West Shore commuters routinely ignore the flashing “stop” sign on school buses

School bus ‘stop’ signs ignored

When Rod Tranter stops his school bus at the side of the road, flashing strobe lights come on and the stop sign flips out.

Drivers blowing past warning signals too often, says School District

When Rod Tranter stops his school bus at the side of the road, flashing strobe lights come on and the stop sign flips out. The bus becomes a big yellow blinking alert that children are nearby.

Traffic is supposed to come to a halt, but too often these days drivers just blow past the warning lights. Some slow down, some speed up and some even scream abuse as they disregard the hard-to-miss stop sign.

“Lights strobe amber and red, and people still drive past,” said Rod Tranter, a five-year school bus driver with the Sooke School District. “It worries us a lot, from drivers up to the superintendent.

“People need to be aware that when a bus stops, children are nearby. People need to be patient and let us do our job, and everybody will be happy — especially the parents.”

Each school day, a team of 30 bus drivers transport about 3,400 of students on 28 routes between the West Shore, Sooke and the Malahat.

Bus drivers see at least two dangerous incidents per week or about 80 over the school year where people break the law and veer around the 40-foot school bus.

“It’s enough to cause us concern,” said Dave Lockyer, SD 62 treasurer. “Sometimes kids need to cross the road to get to the bus, and that’s where it becomes dangerous.”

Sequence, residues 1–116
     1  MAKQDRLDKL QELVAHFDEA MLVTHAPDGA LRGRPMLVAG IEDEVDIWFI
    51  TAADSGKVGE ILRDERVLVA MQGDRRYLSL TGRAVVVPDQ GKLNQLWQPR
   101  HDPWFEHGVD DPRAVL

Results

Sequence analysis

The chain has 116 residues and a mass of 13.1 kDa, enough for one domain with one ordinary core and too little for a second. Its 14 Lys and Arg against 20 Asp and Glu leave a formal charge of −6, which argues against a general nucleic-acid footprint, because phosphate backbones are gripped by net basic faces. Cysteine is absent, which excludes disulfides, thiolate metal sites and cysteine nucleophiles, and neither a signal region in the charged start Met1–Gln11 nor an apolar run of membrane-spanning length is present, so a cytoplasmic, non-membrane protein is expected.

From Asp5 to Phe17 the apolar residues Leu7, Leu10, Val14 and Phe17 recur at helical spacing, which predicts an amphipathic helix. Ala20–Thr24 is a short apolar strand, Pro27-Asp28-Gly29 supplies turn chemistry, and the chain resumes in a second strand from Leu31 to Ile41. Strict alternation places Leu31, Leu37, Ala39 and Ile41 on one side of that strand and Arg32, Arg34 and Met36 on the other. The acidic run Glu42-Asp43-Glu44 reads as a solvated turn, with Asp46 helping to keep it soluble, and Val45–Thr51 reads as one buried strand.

With more cars and more congestion on the West Shore, bus drivers say it’s only a matter of time before a child is struck by someone in a hurry to get to work.

Tranter said notorious spots are on Happy Valley Road, Sooke Road, Glen Lake Road, and Setchfield Avenue, all areas where many kids are competing with impatient commuter traffic.

He points out the Motor Vehicle Act which says drivers “must” stop for school buses displaying warning signals.

“I’ve waved my hands and yelled to get peoples’ attention, but they totally ignore me. They are so focused on getting past the bus,” Tranter said.

“I’m not sure if its getting worse, but it’s not getting any better. With the volume of cars increasing, it won’t get any better. We will see more incidents.”

To combat lead-foot motorists, bus drivers often radio in licence plates and car makes to their dispatch, who in turn call the RCMP. Bus drivers will often immediately call the police themselves if the drive-by was egregiously dangerous.

“You can’t say you didn’t see the stop sign,” Tranter said.

Bus drivers, among others, caution kids to cross the road carefully and most do.

“Most children respect the bus drivers, they generally listen to us,” Tranter said. “But children also get distracted easily. They might see their friends or parents and run across the road. Kids do things impulsively.”




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